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UCSD Biologist Marty Yanofsky discuses crops as a threat to the ozone layer on The Australian Broadcasting Corporation's "Science Show"

MAY 1, 2004
Media Contact: Kim McDonald (858) 534-7572

Halides and the Ozone Layer


Now that fluorocarbons have been removed from the bulk of manufactured goods another threat to the ozone layer has been identified - this time from crops.

Program Transcript

Robyn Williams: One of the great successes of environmental prudence in recent years has been controlling the chemicals that eat the ozone layer - the Montreal Protocol saw to that. But while we've been converting our fridges to ozone-friendly chemicals another source of damaging halides has been burgeoning out there on the farm.

This was discovered by putting geneticists together with atmospheric physicists at the University of California, San Diego. And here they are, Lars Ostergaard from Denmark, Martin Yanovsky, Eric Saltzman and Robert Rhew.

Marty Yanofsky: Okay, so methyl bromide, methyl chloride and methyl iodide are environmentally and economically important compounds in the atmosphere. Bromide and methyl chloride are the primary sources of bromine and natural chlorine to the stratosphere where they can break apart and catalyse the destruction of stratospheric ozone, and that of course is a very important issue nowadays. Now since 1950s they've been far superseded by human produced compounds such as chlorofluorocarbons and halides, which are responsible for the current problem in the stratosphere, it goes into pollution.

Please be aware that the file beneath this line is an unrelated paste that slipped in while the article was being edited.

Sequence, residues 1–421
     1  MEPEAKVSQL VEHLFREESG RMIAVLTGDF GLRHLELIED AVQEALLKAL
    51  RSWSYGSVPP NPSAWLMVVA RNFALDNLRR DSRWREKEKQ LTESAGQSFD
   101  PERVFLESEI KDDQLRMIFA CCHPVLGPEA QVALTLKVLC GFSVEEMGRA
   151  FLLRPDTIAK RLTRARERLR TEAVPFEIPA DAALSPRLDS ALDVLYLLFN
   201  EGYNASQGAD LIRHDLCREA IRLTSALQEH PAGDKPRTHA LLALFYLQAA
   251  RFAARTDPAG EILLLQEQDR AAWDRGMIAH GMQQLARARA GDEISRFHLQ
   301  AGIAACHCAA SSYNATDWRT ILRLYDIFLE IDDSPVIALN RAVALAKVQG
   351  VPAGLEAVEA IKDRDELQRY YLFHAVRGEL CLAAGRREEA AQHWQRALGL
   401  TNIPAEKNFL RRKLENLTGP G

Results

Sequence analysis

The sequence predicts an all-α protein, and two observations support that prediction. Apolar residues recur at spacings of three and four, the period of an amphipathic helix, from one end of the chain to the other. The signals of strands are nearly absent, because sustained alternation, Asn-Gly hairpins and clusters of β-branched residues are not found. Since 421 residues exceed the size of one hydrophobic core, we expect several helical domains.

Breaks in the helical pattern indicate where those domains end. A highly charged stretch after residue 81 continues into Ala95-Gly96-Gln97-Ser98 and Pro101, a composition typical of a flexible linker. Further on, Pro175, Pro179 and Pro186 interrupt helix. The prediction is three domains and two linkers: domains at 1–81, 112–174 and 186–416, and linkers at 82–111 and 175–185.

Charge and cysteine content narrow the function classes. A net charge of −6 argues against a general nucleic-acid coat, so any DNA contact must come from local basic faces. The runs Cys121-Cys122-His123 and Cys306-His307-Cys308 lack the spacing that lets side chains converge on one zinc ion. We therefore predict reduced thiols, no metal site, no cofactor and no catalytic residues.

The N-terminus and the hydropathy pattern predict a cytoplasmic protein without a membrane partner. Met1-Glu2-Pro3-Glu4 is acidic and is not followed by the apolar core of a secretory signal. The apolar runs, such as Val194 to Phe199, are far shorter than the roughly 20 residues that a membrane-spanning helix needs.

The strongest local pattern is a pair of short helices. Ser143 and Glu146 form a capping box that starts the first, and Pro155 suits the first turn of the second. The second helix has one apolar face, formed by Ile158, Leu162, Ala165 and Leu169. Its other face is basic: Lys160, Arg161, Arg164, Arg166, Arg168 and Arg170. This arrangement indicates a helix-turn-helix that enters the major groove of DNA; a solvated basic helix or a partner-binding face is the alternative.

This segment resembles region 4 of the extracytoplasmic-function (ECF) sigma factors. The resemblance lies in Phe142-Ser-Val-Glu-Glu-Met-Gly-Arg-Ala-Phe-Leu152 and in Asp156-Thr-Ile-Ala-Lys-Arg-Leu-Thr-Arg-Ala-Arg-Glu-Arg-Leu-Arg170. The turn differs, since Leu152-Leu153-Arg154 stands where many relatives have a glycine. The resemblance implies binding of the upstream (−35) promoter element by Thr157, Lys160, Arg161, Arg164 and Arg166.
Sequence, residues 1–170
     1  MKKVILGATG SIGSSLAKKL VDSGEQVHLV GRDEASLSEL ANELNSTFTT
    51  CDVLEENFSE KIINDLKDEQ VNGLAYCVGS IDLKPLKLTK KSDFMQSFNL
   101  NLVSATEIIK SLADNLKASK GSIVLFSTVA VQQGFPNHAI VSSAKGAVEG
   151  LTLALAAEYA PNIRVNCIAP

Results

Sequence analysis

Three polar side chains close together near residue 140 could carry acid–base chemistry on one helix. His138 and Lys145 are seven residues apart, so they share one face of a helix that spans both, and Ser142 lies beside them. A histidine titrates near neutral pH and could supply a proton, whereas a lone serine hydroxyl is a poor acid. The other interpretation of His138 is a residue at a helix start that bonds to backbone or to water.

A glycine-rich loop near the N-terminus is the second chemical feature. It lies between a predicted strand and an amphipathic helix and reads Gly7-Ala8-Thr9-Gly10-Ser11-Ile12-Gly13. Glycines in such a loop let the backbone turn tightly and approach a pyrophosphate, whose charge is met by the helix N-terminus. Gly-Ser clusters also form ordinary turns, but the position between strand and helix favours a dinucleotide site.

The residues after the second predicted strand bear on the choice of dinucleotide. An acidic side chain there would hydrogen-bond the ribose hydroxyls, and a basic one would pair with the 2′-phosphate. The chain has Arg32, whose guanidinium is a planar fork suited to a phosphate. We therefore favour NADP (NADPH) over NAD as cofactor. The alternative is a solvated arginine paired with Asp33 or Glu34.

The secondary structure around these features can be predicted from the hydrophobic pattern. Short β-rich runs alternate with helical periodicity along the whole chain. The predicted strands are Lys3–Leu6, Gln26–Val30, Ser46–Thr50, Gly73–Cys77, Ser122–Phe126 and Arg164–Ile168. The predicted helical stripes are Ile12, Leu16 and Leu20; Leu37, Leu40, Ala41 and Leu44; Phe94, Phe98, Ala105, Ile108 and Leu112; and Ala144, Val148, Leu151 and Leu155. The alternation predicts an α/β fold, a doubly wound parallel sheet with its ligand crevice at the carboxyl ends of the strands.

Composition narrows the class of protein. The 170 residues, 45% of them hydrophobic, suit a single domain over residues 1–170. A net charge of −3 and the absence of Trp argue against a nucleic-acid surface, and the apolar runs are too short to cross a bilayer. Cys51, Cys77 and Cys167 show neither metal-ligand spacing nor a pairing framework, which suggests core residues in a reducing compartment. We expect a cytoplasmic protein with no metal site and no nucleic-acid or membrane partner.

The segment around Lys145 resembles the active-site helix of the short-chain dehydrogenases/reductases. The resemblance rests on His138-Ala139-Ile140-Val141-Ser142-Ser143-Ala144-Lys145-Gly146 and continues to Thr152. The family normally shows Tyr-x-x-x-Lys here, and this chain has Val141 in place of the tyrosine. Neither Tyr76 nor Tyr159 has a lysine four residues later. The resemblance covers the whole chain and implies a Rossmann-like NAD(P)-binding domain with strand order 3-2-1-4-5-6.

But methyl bromide and methyl chloride, unlike the CFCs in halides have both human and natural sources. Among the human sources they're used widely and because of their ozone depleting potential, they've been banned according to the Montreal Protocol. Among the natural sources there are oceans and biomass burning, woodrot fungi, and apparently terrestrial plants as well. And the big question is, how much has been produced by nature and how much is being produced by humans?

And so there are two ways to address this. You can either add up all the known sources or you can add up all the known sinks. So we've added up all the known destruction mechanisms and they greatly outweigh the known sources. And so therefore there is some imbalance in our understanding of the budgets of these compounds, and therefore there is a huge missing source that is presumably natural and presumably terrestrial in origin.